In 1982, Shriver founded the Eunice Kennedy Shriver National Center for Community of Caring at The University of Utah, Salt Lake City, Utah. The Community of Caring is a grades "K-12, whole school, comprehensive character education program with a focus on disabilities...[that] has been adopted by almost 1,200 schools nationwide and in Canada".[12]

She was awarded the nation's highest civilian award, the (U.S.) Presidential Medal of Freedom, in 1984 by U.S. President Ronald Reagan, because of her work on behalf of those with mental retardation.[13]

For her work in nationalizing the Special Olympics, Shriver received the Civitan International World Citizenship Award.[14] Her advocacy on this issue has also earned her other awards and recognitions, including honorary degrees from numerous universities.[15][16] She is the second American and only woman to appears on a US coin while still living. Her portrait is on the obverse of the 1995 commemorative silver dollar honoring the Special Olympics. On the reverse is the quotation, "As we hope for the best in them, hope is reborn in us."

Shriver received the 2002 Theodore Roosevelt Award (the Teddy),[17] an annual award given by the National Collegiate Athletic Association to a graduate from an NCAA member institution who earned a varsity letter in college for participation in intercollegiate athletics, and who ultimately became a distinguished citizen of national reputation based on outstanding life accomplishment.

In addition to the Teddy recognition, she was selected in 2006 as part of the NCAA Centennial celebration as one of the 100 most-influential individuals in its first century; she was listed ninth.[17]

Rare Halo Display: Portrait of Eunice Kennedy Shriver, David Lenz, 2009 / National Portrait Gallery, Smithsonian Institution; commissioned as part of the First Prize, Outwin Boochever Portrait Competition 2006.

In 2006 she received a papal knighthood from Pope Benedict XVI being named a Dame of the Order of St. Gregory the Great. Her mother had been created a papal countess in 1950 by Pope Pius XII.[citation needed]

In 2008, the U.S. Congress changed the NICHD’s name to the Eunice Kennedy Shriver National Institute of Child Health and Human Development. In December 2008, Sports Illustrated named her the first recipient of Sportsman of the Year Legacy Award.[18]

On May 9, 2009, the Smithsonian Institution's National Portrait Gallery (NPG) in Washington, D.C., unveiled an historic portrait of her, the first portrait the NPG has ever commissioned of an individual who had not served as a U.S. President or First Lady. The portrait depicts her with four Special Olympics athletes (including Loretta Claiborne) and one Best Buddies participant. It was painted by David Lenz, the winner of the Outwin Boochever Portrait Competition in 2006. As part of the Portrait Competition prize, the NPG commissioned a work from the winning artist to depict a living subject for the collection. Lenz, whose son, Sam, has Down syndrome and is an enthusiastic Special Olympics athlete, was inspired by Shriver’s dedication to working with people with intellectual disabilities.

Shriver became involved with Dorothy Hamill's special skating program in the Special Olympics after Hamill's Olympics Games ice-skating win.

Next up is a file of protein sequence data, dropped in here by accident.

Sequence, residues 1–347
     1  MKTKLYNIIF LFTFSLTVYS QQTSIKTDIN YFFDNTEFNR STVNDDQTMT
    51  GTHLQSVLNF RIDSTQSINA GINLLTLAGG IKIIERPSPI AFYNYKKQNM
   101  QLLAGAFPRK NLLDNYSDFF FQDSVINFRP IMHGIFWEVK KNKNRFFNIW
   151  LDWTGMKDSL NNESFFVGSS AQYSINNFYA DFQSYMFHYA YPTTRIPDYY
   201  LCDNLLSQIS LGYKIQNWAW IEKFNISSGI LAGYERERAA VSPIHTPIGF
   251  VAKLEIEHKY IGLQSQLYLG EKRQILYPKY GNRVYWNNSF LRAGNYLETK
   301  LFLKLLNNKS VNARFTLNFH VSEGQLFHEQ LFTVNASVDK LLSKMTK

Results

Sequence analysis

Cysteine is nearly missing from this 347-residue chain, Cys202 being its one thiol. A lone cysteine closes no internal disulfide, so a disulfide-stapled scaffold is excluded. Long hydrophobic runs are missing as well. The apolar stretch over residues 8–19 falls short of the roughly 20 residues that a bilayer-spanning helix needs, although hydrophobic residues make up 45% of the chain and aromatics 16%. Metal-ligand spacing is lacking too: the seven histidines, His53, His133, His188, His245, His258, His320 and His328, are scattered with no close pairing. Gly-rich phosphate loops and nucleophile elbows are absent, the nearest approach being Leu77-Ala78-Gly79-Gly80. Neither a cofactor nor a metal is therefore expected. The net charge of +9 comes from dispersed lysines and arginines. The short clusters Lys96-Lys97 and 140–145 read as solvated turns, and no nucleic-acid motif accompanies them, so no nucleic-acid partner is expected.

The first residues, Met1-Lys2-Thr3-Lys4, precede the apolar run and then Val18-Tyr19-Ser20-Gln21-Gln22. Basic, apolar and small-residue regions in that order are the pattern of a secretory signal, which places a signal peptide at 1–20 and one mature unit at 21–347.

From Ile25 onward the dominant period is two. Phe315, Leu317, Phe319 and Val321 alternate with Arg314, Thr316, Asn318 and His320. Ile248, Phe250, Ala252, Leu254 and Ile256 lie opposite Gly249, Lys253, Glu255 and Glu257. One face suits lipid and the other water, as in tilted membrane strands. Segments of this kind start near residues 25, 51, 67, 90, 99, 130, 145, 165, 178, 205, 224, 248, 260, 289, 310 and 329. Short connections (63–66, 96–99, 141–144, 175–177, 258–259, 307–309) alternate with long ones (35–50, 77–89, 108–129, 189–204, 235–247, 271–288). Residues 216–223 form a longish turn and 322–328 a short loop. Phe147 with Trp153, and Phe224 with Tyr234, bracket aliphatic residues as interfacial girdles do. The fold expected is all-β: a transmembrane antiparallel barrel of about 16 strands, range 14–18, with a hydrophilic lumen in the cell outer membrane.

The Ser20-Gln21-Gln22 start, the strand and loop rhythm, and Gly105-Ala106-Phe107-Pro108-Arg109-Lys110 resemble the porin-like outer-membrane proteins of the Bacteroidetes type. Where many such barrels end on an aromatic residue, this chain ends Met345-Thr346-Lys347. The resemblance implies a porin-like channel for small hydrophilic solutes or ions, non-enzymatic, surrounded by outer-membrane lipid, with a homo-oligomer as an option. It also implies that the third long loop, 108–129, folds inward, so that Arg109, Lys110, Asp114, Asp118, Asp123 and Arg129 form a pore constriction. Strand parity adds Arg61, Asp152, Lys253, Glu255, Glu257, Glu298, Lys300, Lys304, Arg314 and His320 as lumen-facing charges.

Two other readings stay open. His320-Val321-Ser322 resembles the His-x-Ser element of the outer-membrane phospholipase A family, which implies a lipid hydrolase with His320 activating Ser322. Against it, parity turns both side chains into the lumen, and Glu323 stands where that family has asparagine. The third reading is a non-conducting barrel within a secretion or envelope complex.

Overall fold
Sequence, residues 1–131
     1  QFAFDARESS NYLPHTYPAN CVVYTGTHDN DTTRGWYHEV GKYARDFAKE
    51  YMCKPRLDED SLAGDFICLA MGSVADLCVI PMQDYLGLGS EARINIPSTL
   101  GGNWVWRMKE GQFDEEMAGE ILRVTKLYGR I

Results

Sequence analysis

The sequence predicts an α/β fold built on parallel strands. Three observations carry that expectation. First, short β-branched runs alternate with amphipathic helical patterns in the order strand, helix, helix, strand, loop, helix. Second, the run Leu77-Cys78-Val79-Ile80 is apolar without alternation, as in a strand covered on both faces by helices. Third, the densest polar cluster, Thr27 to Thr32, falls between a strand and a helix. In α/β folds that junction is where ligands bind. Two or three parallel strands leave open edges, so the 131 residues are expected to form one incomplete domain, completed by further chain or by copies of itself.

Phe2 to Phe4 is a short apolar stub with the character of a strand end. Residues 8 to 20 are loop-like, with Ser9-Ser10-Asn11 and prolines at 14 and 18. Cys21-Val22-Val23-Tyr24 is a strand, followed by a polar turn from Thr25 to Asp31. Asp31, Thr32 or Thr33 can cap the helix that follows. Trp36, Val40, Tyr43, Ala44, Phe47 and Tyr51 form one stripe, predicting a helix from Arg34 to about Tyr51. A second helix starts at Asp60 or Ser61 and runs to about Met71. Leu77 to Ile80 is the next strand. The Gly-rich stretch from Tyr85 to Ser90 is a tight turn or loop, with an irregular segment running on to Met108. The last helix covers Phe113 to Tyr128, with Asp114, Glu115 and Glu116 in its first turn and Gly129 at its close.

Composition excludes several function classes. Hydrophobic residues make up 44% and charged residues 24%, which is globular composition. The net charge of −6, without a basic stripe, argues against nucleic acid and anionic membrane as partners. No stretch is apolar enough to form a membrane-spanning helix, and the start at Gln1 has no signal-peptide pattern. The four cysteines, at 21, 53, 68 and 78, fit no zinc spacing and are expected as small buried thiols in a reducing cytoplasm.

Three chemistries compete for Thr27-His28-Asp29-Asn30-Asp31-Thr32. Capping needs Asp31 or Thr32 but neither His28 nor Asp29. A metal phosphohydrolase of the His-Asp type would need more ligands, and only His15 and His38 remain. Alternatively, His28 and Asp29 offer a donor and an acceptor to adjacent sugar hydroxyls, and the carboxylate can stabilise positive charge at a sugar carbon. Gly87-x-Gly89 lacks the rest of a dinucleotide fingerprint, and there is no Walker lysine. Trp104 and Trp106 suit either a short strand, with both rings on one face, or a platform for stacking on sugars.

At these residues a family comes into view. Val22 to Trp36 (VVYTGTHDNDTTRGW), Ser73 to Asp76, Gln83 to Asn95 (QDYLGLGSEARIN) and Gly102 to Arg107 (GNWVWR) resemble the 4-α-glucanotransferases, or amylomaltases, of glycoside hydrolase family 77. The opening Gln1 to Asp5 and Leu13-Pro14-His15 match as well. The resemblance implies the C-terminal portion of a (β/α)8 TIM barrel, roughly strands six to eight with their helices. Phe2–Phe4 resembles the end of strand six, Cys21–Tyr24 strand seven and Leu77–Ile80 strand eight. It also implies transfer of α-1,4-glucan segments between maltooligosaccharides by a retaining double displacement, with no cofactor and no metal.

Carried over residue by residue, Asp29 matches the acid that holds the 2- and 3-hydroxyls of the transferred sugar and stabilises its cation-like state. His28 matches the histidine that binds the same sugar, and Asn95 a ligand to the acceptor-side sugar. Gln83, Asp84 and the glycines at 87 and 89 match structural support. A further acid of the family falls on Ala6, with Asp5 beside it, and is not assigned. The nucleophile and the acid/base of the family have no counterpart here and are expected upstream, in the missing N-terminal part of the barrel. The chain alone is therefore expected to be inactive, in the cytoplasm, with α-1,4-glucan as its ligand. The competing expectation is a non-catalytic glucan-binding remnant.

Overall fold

Later years and death

Shriver, who was believed to have suffered from Addison's disease,[19] suffered a stroke and a broken hip in 2005, and on November 18, 2007, she was admitted to Massachusetts General Hospital in Boston, where she spent several weeks.[20][21]

On August 7, 2009, she was admitted to Cape Cod Hospital in Hyannis, with an undisclosed ailment.[22]

On August 10 her relatives were called to the hospital.[23] Early the following morning, Shriver died at the hospital; she was 88 years old.[2][24] No other Kennedy, with the exception of her mother, Rose, has lived longer.

Shriver's family issued a statement upon her death, reading in part,

"Inspired by her love of God, her devotion to her family, and her relentless belief in the dignity and worth of every human life, she worked without ceasing — searching, pushing, demanding, hoping for change. She was a living prayer, a living advocate, a living center of power. She set out to change the world and to change us, and she did that and more. She founded the movement that became Special Olympics, the largest movement for acceptance and inclusion for people with intellectual disabilities in the history of the world. Her work transformed the lives of hundreds of millions of people across the globe, and they in turn are her living legacy."[25]

Funeral and burial

On August 14, 2009, an invitation-only Requiem Mass was celebrated for Shriver at St. Francis Xavier Roman Catholic Church in Hyannis. Following the Requiem Mass, she was buried at the St. Francis Xavier parish cemetery in nearby Centerville.[1] Pope Benedict XVI sent a letter of condolence to her family.[26] Because of his ill health, her brother Ted did not attend the funeral,[27] and their sister Jean stayed with him. He died two weeks later.[27][7]

See also

References

  1. ^ a b Staff writer (August 14, 2009). "Special Olympians, Family Celebrate Eunice Kennedy Shriver". The Associated Press (at WJAR television's website turnto10.com). Retrieved August 16, 2000.
  2. ^ a b Grinberg, Emanuella (undated). "Eunice Kennedy Shriver dies". Edition.cnn.com. http://edition.cnn.com/2009/POLITICS/08/11/eunice.kennedy.shriver/. Retrieved August 11, 2009.